This section is from the book "The Law Of Contracts", by William Herbert Page. Also available from Amazon: Commercial Contracts: A Practical Guide to Deals, Contracts, Agreements and Promises.
Closely connected with the foregoing question is that of the implied power of a public corporation to issue negotiable instruments as evidences of a lawful debt. There is a divergence of authority as to whether an implied power to issue negotiable instruments exists if power to do so is not given by statute. Some authorities hold that this power is implied,1 others that it exists only when expressly given by the legislature.2 Where this view is entertained power to improve a street, raising the money therefor by a special assessment, is not power to issue bonds.3 A city incorporated after the passage of a statute authorizing cities then incorporated to issue bonds cannot issue them.4 Even an express power to borrow does not include power to issue negotiable bonds.5 Under power to borrow for municipal purposes a city may issue bonds to retire the floating debt,6 or to refund prior bonds.7 In opposition to this view it has been held that power to issue bonds does not include power to issue new negotiable bonds to take up the old bonds.8 A statute which violates a mandatory provision of the constitution cannot authorize an issue of bonds,9 nor can the legislature make bonds payable elsewhere than at the city treasury.10 If a negotiable instrument is issued by a corporation having authority to issue only non-negotiable instruments it is void.11 According to the divergence of views already expressed some authorities treat municipal bonds as non-negotiable,12 while others treat both the bonds13 and the coupons thereon14 as negotiable. A statute giving authority to issue municipal bonds for certain purposes only excludes power to issue bonds for any other purpose.15 If power to issue bonds exists, they may be issued where no prior debt exists, as where they are issued to buy waterworks.16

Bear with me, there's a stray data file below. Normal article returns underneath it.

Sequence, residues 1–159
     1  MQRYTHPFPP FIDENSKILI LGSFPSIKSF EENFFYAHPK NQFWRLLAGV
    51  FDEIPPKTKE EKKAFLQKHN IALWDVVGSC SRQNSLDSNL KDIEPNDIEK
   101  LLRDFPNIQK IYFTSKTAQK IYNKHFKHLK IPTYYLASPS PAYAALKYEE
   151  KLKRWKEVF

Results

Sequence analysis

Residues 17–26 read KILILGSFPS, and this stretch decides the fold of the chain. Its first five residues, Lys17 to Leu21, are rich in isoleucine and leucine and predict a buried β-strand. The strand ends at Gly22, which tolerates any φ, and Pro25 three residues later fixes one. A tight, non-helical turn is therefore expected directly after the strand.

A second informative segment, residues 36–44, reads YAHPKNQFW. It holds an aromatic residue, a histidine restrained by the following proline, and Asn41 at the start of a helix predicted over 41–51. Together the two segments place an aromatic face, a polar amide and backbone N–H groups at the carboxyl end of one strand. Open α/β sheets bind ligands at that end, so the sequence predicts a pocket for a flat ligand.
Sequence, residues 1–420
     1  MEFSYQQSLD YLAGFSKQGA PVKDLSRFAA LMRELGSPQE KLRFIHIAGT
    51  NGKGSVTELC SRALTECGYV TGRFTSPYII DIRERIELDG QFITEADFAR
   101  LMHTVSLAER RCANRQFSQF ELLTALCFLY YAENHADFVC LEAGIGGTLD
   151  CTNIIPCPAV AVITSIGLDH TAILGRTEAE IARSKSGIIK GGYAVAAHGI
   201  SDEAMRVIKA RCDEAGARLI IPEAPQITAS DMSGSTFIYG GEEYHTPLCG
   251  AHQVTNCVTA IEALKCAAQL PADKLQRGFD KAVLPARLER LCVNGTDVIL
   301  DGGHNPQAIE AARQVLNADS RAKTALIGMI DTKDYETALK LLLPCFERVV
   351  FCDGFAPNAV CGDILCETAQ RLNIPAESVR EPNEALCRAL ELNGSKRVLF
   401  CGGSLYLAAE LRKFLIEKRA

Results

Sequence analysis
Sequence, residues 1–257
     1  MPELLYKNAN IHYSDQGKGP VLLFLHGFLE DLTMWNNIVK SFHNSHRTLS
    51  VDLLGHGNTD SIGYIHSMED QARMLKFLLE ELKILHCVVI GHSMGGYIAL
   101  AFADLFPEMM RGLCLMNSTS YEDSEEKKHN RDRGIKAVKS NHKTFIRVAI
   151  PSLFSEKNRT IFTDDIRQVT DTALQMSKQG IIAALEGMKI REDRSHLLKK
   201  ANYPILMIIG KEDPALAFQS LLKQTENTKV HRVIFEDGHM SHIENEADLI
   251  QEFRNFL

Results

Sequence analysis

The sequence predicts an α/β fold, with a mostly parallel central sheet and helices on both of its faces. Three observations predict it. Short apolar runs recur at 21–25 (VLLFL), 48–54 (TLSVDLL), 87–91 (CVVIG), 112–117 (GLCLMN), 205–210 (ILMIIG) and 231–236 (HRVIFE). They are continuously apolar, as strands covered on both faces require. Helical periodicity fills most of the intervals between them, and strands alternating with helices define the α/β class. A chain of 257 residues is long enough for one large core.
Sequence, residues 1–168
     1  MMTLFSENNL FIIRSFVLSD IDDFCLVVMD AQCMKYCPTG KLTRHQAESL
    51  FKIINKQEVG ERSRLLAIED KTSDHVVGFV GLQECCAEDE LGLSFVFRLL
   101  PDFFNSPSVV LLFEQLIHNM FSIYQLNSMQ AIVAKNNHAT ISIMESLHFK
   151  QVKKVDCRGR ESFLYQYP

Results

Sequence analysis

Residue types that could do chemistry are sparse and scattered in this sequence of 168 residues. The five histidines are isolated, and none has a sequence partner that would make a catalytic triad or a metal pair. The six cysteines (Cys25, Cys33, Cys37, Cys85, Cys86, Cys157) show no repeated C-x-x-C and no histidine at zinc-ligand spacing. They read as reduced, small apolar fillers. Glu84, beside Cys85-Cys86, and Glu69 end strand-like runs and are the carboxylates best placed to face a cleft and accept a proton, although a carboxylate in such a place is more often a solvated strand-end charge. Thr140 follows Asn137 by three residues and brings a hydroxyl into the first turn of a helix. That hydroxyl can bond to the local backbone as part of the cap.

1 Carter County v. Sinton, 120 U. S. 517; Holmes v. Shreveport, 31 Fed. 113; Commonwealth v. Wil-liamstown, 156 Mass. 70; 30 X. E. 472; Hubbard v. Sadler, 104 N. Y. 223; 10 N. E. 426; Smathers v. Madison County, 125 N. C. 480; 34 S. E. 554; Murry v. Fay, 2 Wash. 352; 26 Pac. 533.
2 Barnett v. Denison, 145 U. S. 135 (citing Claiborne County v. Brooks, 111 U. S. 400; Kelley v. Milan, 127 U. S. 139). To the same effect are Brenham v. Bank, 144 U. S. 173; Hopper v. Covington, 8 Fed. 777; Dudley v. Lake County, 80 Fed. 672; Coffin v. Indianapolis, 59 Fed. 221; Watson v. Huron, 97 Fed. 449; 38 C. C. A. 264; Coquard V. Oquawka, 192 111. 355; 61 N. E. 660; Neugass v. New Orleans, 42 La. Ann. 163; 21 Am. St. Rep. 368; 7 So. 565; Brinkworth v. Gra-ble, 45 Neb. 647; 63 N. W. 952; State v. Newark, 54 N. J. L. 624; 23
Atl. 129; Johnson City v. R. R., 100 Tenn. 138; 44 S. W. 670; Richardson v. Marshall County, 100 Tenn. 346; 45 S. W. 440; Waxahachie v. Brown, 67 Tex. 519; 4 S. W. 207; Thornburgh v. Tyler, 16 Tex. Civ. App. 439; 43 S. W. 1054.
3 Redondo Beach v. Cate, 136 Cal. 146; 68 Pac. 586.
4 Oquawka v. Graves, 82 Fed. 568; 27 C. C. A. 327.
5 Brenham v. Bank, 144 U. S. 173; Merrill v. Monticello, 138 U. S. 673; German Ins. Co. v. Manning, 95 Fed. 597; Lehman v. San Diego, 27 C. C. A. 668; 83 Fed. 669; Ashuelot National Bank v. School District, 56 Fed. 197; Dodge v. Memphis, 51 Fed. 165; Heins v. Lincoln, 102 Ia. 69; 71 N. W. 189 (criticising Sioux City v. Weare, 59 Ia. 95; 12 N. W. 786). Contra, Commonwealth v. Williamstown, 156 Mass. 70; 30 N. E. 472.